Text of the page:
1. Learning to eat until satisfaction requires adequate food. If you short-change yourself in calories, you also likely won't reach satisfaction in your hunger level, or you'll find it more and more difficult to know when you are satisfied. It's critical to learn the difference between being hungry, and being ravenous. Or being satisfied or full, or over full. You can only find this out by feeding yourself enough food.

Small Changes Add up to Big Results

If you make an effort to learn to like your food without adding "extras" such as vegetables. They don't need butter or cheese sauce, they taste great as nature intended, in fact I refer to vegetables as "nature's candy." It took me awhile, but I no longer even use Molly McButter - I just eat them plain, and yes, they are good. Nature made our foods naturally sweet - those "extras" we are used to using like butter on vegetables or potatoes certainly make things taste all yummy but they also make us larger than we need to be ;-)

Just start to slowly make changes. For instance I used to put sugar on my cereal (when I was a child I'd add heaps), and I slowly put less and less, until finally I tried one time with no sugar, then another time and another. Now, except for brown sugar on oatmeal, I don't sugar my cereal at all anymore. Tiny changes make up for big results over time. Besides, check the box. If you're eating breakfast cereal, there is usually 18 grams of sugar per serving which equates to multiple teaspoonfuls. There is certainly no need to add more - do you want cereal or candy?

Why You Don't Have to Continually Reduce Calories While Losing Weight

Now, the trouble with the equation I used above, is it would seem to indicate that as you lose weight you need to have fewer and fewer calories as you weigh less, and to a certain extent that can be true, but, and this is the kicker, if you increase your muscle, even by only one single pound, you increase your basic metabolic needs - in other words, your calorie requirements increase, not decrease.

So, my recommendation is to eat a bit more clean food to bring your calories closer to 1500 at least or as high as 1700 - you may also have a "treat" day where you lax up on your eating a bit once a week, and in that case the calories will even out, but it's likely going to be easier physically and mentally if you just eat a small bit more every day.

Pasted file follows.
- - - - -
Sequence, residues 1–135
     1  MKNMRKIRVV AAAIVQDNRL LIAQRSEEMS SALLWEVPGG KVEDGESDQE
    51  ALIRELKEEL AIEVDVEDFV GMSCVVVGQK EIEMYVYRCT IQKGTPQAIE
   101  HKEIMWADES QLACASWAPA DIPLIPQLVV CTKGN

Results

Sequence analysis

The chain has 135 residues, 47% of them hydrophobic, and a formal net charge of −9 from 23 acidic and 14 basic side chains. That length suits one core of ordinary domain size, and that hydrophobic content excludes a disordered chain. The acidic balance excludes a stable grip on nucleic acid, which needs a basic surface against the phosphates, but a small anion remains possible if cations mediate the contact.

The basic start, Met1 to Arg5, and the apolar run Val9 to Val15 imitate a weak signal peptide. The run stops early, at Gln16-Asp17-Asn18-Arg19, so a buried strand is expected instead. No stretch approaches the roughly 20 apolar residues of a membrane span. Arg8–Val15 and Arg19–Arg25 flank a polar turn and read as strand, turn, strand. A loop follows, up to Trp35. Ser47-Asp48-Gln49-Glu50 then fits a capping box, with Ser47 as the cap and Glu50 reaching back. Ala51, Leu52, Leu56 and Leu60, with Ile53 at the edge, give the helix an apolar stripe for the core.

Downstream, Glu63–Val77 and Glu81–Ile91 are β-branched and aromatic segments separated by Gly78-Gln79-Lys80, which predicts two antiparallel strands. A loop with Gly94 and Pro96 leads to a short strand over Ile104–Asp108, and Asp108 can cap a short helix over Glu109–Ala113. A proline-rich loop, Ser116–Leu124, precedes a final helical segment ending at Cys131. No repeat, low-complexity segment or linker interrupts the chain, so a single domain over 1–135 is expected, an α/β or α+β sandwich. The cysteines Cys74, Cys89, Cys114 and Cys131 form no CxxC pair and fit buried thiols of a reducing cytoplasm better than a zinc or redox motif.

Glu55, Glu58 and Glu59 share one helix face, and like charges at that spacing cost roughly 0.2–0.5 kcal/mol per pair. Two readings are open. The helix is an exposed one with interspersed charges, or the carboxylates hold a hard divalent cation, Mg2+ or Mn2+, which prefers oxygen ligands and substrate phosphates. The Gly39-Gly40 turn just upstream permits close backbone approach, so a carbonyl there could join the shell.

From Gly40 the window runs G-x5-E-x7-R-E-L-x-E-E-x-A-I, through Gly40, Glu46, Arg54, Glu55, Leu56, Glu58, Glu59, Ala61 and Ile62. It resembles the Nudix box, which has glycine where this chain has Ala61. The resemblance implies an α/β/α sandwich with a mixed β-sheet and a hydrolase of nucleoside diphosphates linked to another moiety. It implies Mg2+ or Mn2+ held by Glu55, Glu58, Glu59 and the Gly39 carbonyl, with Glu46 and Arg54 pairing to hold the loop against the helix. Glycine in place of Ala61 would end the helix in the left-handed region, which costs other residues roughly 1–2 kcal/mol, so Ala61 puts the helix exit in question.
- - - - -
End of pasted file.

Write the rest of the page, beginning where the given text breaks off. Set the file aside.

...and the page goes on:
Add some resistance training, if possible. You can simply start doing pushups twice a week, while watching TV during commercials for instance. Work up from one set of one or two, to three sets of 10, or how many you want. Use "girl" style at first if necessary, legs bent (I can't do them any other way) and as your strength builds, attempt to do them regular style with your legs straight out behind you.

You can also do many other exercises which only use your body weight for resistance but can greatly build your strength. If you have some, use small dumbbells or even cans of food can work.

If you feed yourself well, and focus on increasing your activity, even if only a teensy bit, then you will continue to lose fat, build muscle and get more shapely, all the while increasing your metabolism so you can eat more food!

Questions are welcome! Send them at any time using my Contact form or via my e-mail address below. Eat well, be happy.


Read my weight loss articles - you'll find lots of ideas and suggestions there. Learn to use EFT. Get my Daily Bites where I give examples of using EFT for these issues, and take it one day at a time, one bite at a time.

You may not need to lose weight specifically, but if you have issues with food that you'd like to resolve, learn to use EFT and NLP methods. You can learn to remove your obstacles to feeling healthy and in charge of your own life. Look here to see if a Weight Loss Coach is right for you.


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Kathryn Martyn M.NLP
Kathryn Martyn Smith, M.NLP EFT Weight Loss Coach